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THE POLITICS OF D.C. HEALTH CARE

Unanimous council bucks mayorís plan

(Published April 23, 2001)

By KATHRYN SINZINGER

Staff Writer

The political fight over privatizing the cityís public health-care delivery system is fast shaping up as a showdown over who runs the D.C. government.

The fight pits a unanimous 13-member elected D.C. City Council against one elected official, Mayor Anthony A. Williams, whose privatization plan for D.C. General Hospital and its associated services for the poor and uninsured has the backing of the powerful presidentially appointed D.C. financial control board.

A proposed contract with Greater Southeast Community Hospital in Southeast Washington, negotiated at the behest of the control board, would eliminate all inpatient medical and surgical services at D.C. General Hospital. D.C. General, the cityís only public hospital, would be converted into a campus of health clinics and an emergency room for only those patients not needing immediate care for life-threatening injuries or ailments.

The city council, seldom unanimous on controversial issues, came together April 12 to announce that all 13 of its members support keeping D.C. General open as a full-service hospital. They called for making the public hospital, rather than a private one, the "core" of a health-care delivery plan similar to the one Mayor Williams and the control board are proposing under a contract with Greater Southeast Hospital and a network of subcontractors.

Council Chairman Linda Cropp said the councilís plan to strengthen D.C. General Hospitalís "safety-net" services for the cityís poor and uninsured, rather than privatizing them, follows recommendations made in December by the mayorís health commission. She said it would be "more effective to work within the system" that currently exists under the Public Benefit Corp. than to create a whole new system of public health care. Retaining the publicly operated hospital as the core of a reformed health care system "is the best approach to maintain quality and control costs," she said.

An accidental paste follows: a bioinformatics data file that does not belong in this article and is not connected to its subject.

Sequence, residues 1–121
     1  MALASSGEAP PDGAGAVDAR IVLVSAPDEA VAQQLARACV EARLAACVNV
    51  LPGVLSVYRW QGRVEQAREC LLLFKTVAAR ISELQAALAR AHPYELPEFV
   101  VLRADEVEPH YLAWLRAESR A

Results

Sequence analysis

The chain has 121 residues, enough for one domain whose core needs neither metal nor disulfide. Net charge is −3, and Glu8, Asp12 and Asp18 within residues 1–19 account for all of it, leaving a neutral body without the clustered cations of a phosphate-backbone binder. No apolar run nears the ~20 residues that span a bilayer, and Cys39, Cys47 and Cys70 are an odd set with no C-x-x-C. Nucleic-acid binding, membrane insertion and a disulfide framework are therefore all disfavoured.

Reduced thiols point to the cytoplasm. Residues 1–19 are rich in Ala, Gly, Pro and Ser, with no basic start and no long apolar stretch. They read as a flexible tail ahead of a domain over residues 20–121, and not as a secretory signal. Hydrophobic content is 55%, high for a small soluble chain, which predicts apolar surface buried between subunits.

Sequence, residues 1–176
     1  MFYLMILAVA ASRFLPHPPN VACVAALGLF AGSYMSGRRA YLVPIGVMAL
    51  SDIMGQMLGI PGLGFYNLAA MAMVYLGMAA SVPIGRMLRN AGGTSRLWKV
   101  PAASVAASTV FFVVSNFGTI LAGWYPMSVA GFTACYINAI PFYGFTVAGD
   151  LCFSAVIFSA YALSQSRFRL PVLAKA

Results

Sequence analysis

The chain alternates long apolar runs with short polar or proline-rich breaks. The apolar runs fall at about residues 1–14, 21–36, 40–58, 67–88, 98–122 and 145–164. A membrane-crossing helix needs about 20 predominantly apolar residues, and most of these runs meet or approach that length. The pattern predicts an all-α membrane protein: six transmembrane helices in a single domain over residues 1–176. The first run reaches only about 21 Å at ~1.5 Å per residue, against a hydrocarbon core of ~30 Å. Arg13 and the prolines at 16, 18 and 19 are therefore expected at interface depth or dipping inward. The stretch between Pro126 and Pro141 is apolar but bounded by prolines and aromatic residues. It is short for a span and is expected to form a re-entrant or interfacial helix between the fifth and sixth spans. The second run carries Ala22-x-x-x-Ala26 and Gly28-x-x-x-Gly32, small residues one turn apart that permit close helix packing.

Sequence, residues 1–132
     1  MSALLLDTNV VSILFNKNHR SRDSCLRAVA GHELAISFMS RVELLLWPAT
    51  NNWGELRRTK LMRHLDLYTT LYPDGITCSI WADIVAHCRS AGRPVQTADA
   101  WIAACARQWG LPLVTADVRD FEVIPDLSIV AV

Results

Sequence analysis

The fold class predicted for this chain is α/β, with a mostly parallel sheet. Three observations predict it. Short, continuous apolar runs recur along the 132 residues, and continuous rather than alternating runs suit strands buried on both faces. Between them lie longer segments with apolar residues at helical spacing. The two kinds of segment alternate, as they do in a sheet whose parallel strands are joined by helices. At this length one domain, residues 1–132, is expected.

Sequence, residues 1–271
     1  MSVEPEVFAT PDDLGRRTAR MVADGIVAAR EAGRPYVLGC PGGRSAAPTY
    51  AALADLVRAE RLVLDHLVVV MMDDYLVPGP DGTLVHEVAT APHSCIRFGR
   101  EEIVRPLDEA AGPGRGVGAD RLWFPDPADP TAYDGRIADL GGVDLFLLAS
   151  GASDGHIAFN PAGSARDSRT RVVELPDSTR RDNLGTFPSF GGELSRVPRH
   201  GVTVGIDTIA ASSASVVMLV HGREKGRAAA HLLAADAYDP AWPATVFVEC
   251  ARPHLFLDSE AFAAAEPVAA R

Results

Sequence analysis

"The PBC has begun to make the changes that were demanded," she said. "Those investments should not be abandonedÖ.The exact same services that the mayor wants, this council embraces."

The council unanimously voted to allocate $21.5 million for continued operation of D.C. General from money that was uncommitted by the mayor in his recent request for council approval of a supplemental fiscal 2001 budget. Officials said the supplemental budget request was made due to city revenues exceeding previously budgeted estimates.

The mayor immediately announced his intention to veto the councilís action but has been unable to date to rally enough council members to prevent a veto override. The legislation authorizing additional money to support D.C. General and other related health-care services operated by the PBC must follow the routine congressional oversight procedure, which permits Congress to block the elected councilís legislative actions during a 30-day review period.

During a press conference April 12 at which she was flanked by 11 of the councilís 12 other members, Chairman Cropp said Congress has never overruled a supplemental budget appropriation passed by the council. She noted serious implications for continued democratic home rule in the District if Congress or the congressionally created control board chooses to overrule the elected council on this issue.

"It would be a disservice to the citizens of the District of ColumbiaÖ.The executive and legislative branches (of the D.C. government) are doing what they ought to do Ė engaging in the process of checks and balances," Cropp said. "I would hate to see the same thing happen if the president and Congress disagreed."

Council members David Catania, R-At Large, and Kevin P. Chavous, D-Ward 7, acknowledged during the same press conference that they have retained a local law firm to represent them as private citizens to sue the control board for overstepping its legal authority if it chooses to implement the privatization plan over the councilís objection. Changing the local governmentís health-care policy is not part of the control boardís mandate, they said.

"They must live within the law," Catania said.

Copyright 2001, The Common Denominator